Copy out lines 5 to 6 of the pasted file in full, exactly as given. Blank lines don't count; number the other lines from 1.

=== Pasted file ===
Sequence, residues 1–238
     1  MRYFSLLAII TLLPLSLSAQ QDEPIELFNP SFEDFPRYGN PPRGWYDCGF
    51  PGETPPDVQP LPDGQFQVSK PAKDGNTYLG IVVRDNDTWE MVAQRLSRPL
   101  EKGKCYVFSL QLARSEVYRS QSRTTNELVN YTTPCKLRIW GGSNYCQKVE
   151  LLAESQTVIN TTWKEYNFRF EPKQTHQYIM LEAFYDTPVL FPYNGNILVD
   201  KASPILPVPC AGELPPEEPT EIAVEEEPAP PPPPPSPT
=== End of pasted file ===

   151  LLAESQTVIN TTWKEYNFRF EPKQTHQYIM LEAFYDTPVL FPYNGNILVD
   201  KASPILPVPC AGELPPEEPT EIAVEEEPAP PPPPPSPT